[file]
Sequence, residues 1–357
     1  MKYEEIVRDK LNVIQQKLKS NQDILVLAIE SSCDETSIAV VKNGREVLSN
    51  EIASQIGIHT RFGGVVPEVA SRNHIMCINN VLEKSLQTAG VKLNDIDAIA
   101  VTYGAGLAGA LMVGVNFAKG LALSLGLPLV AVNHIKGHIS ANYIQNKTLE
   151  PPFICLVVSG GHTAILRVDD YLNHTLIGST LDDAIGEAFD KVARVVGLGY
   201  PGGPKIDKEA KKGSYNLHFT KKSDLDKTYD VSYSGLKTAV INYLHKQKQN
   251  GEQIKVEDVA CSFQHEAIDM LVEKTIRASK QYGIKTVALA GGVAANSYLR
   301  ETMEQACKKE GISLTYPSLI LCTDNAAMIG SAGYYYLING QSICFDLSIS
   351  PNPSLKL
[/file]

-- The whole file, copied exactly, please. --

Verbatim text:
Sequence, residues 1–357
     1  MKYEEIVRDK LNVIQQKLKS NQDILVLAIE SSCDETSIAV VKNGREVLSN
    51  EIASQIGIHT RFGGVVPEVA SRNHIMCINN VLEKSLQTAG VKLNDIDAIA
   101  VTYGAGLAGA LMVGVNFAKG LALSLGLPLV AVNHIKGHIS ANYIQNKTLE
   151  PPFICLVVSG GHTAILRVDD YLNHTLIGST LDDAIGEAFD KVARVVGLGY
   201  PGGPKIDKEA KKGSYNLHFT KKSDLDKTYD VSYSGLKTAV INYLHKQKQN
   251  GEQIKVEDVA CSFQHEAIDM LVEKTIRASK QYGIKTVALA GGVAANSYLR
   301  ETMEQACKKE GISLTYPSLI LCTDNAAMIG SAGYYYLING QSICFDLSIS
   351  PNPSLKL